Following World War II Anouilh's output was dominated by pièces grinçantes and pièces brillantes. The pièces grinçantes are marked by black humor, while the pièces brillantes convey a less bitter tone and employ witty dialogue. In these plays the conflict between good and evil is not as sharply defined as in Anouilh's early work. Some critics have noted that as Anouilh aged, so too did his protagonists, and their outlook on life was tempered by an acceptance of human faults. The plot of The Waltz of the Toreadors, one of Anouilh's most acclaimed works, centers on General Leon Saint-Pé and his infatuation with a woman he had danced with eighteen years earlier. The couple's love had remained unconsummated because of the general's commitment to his marriage; when the two meet again, the woman falls in love with a younger man. As is characteristic of the pièces grinçantes, this play has sardonic overtones, as Anouilh explores the disillusionment and pettiness that occur in the aftermath of lost love.
Among Anouilh's later plays are pièces costumees, which are based on historical personages, and pièces baroques. When using history as a background for his drama, Anouilh drew upon figures of heroic dimension. For example, L'Alouette (The Lark) dramatizes the life of Joan of Arc, and Becket, ou, L'Honneur de Dieu (Becket, or, The Honor of God) concerns Thomas àBecket. Both plays employ spare sets are reminiscent of Antigone in their focus on protagonists who remain true to their sense of honor even when confronted with death. The theatrical elements of Anouilh's work come to the forefront in his pièces baroques. In Cher Antoine, ou, L'Amour rate (Dear Antoine, or, The Love that Failed) the central character is a prominent playwright and the story unfolds as a play within a play; and in Ne reveillez pas Madame (Don't Awaken Madame) the protagonist is an actor. By stressing the artificiality of the theater, Anouilh probes the relationship between reality and illusion and works to create a dramatization of ideas rather than a representation of reality.
While Anouilh was among the most successful "boulevard" playwrights, having enjoyed many well-attended productions of his works in the Paris theater district, critics have debated his importance in contemporary drama. Some have faulted Anouilh for repetition of theme, for a lack of intellectualism, and for his reliance on theatricality. Others note, however, that Anouilh's strength as a playwright lay in his mastery of stagecraft, which makes his works entertaining while they at the same time investigate serious themes. Lewis W. Falb comments: "Although not as intellectual as some other twentieth-century French dramatists, Anouilh is unquestionably a master playmaker, one of the most accomplished craftsmen in modern French theater—indeed, in world theater. We respond deeply to the humanity of Anouilh's writing as we are dazzled by the brilliance of its form, for his work is both a synthesis of and a contribution to the most creative elements in modern drama."
Jean Anouilh (1910–1987) was born in Bordeaux to a tailor father and a violinist mother. Though he began to write plays at age twelve, Anouilh initially pursued legal studies at the Sorbonne and worked briefly as an advertising copywriter and screenwriter. In 1931, Anouilh married the actress Monelle Valentin, became secretary to his mentor Louis Jouvet's Comédie des Champs-Élysées, and began his writing career. By the 1950s, Anouilh was Europe's most popular playwright. His favor in the public eye faded, however, with the rise of absurdist playwrights Ionesco and Beckett. After the loss of his critical popularity, Anouilh abandoned the theater for a number of years. He returned to the stage late in his life, writing and directing plays distinguished by their politically conservative nature and nostalgic tone.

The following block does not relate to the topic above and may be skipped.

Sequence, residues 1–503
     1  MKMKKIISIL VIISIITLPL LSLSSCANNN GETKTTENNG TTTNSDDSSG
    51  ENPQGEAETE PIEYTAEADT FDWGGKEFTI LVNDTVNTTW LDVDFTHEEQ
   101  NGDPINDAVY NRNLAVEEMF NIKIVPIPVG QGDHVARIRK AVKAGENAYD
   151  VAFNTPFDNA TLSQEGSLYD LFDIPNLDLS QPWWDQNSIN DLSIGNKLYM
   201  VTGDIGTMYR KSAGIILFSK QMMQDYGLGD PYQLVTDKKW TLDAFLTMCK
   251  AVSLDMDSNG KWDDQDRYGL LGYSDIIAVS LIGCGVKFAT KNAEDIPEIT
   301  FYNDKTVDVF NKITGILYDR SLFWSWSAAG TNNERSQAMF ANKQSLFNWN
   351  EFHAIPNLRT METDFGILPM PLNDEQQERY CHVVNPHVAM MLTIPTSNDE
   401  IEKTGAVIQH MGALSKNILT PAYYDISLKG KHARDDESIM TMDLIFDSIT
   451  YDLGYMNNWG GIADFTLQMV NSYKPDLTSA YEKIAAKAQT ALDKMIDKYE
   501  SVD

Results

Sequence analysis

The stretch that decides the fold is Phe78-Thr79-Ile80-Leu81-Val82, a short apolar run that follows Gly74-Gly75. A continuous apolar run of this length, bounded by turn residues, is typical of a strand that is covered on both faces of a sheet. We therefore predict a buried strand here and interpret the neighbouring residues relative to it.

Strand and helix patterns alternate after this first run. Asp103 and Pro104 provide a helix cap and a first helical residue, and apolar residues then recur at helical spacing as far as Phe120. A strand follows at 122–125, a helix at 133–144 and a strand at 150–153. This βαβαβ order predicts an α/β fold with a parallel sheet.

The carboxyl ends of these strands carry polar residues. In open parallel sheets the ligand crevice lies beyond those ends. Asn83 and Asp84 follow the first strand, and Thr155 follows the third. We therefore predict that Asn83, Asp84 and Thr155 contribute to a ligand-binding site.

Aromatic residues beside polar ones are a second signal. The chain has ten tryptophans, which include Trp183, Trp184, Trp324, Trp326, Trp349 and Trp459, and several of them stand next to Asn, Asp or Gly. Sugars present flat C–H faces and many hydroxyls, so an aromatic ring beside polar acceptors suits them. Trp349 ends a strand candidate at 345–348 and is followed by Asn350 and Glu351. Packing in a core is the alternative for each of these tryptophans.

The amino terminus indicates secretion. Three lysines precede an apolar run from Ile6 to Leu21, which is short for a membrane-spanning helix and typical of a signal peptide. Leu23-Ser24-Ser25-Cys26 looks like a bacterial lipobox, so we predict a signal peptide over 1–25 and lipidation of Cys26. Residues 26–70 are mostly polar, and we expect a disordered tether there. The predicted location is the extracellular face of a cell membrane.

Anouilh produced his first play, Humulus le muet, in 1929 in collaboration with Jean Aurenche. His play Mandarine appeared in the same year. Having decided to dedicate himself entirely to the theater, he then produced Y avait un prisonnier (1935), which was followed by his breakthrough work, Le voyageur sans baggage (1937), a naturalistic tale of an amnesiac who discovers that he led a corrupt life and opts to discard his former self. Though Anouilh continued to write naturalistic studies in the immediate wake of Le voyageur, he soon came under the influence of authors such as Giraudoux, Cocteau, Vitrac, and Pirandello, and began to develop a more expansive, experimental style. In the next decades, Anouilh worked in a number of genres, ranging from tragedies to farces to historical plays. He produced several "meta-theatrical" works that took the theater itself as setting and subject. Later he categorized these works by color (black, pink), quality (brilliant, failed) or style (baroque). In America, Anouilh's costumed or historic dramas were particularly well received, such as L'alouette (1953), his play on Joan of Arc, and the Tony award-winning Becket (1959).
Throughout his career, Anouilh's drama featured biting political critique. The two most notable examples in his great postwar period are his attacks on Charles de Gaulle in L'hurluberlu (1958) and Le songe du critique (1960). Antigone, an adaptation of Sophocles's classic produced in the context of the anti-fascist French resistance, is Anouilh's most often-produced work today. Antigone premiered in Paris in 1944, but Anouilh had written his tale of lone rebellion against the state two years earlier, inspired by an act of resistance during Paris's occupation by the Nazis. In August 1942, a young man named Paul Collette fired at and wounded a group of directors during a meeting of the collaborationist Légion des volontaires français. Collette did not belong to a Resistance network or organized political group, but acted entirely alone and in full knowledge of his certain death. For Anouilh, Collette's solitary act—at once heroic, gratuitous, and futile—captured the essence of tragedy and demanded an immediate revival of Antigone. Aware of Anouilh's thinly veiled attack on the Vichy government, the Nazis censored Antigone immediately upon its release. It premiered two years later at the Théâtre de l'Atelier in Paris under the direction of André Barsacq, a few months before Paris' liberation. The play starred Valentin as the doomed princess, and soon assumed canonical status in modern French theater.